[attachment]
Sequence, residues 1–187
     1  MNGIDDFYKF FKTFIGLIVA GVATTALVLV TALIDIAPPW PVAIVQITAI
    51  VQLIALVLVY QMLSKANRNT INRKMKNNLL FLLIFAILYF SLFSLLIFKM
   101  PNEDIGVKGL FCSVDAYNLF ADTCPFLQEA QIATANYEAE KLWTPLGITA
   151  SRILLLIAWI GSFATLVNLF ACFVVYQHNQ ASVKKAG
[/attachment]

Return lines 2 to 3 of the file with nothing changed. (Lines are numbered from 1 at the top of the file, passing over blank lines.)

     1  MNGIDDFYKF FKTFIGLIVA GVATTALVLV TALIDIAPPW PVAIVQITAI
    51  VQLIALVLVY QMLSKANRNT INRKMKNNLL FLLIFAILYF SLFSLLIFKM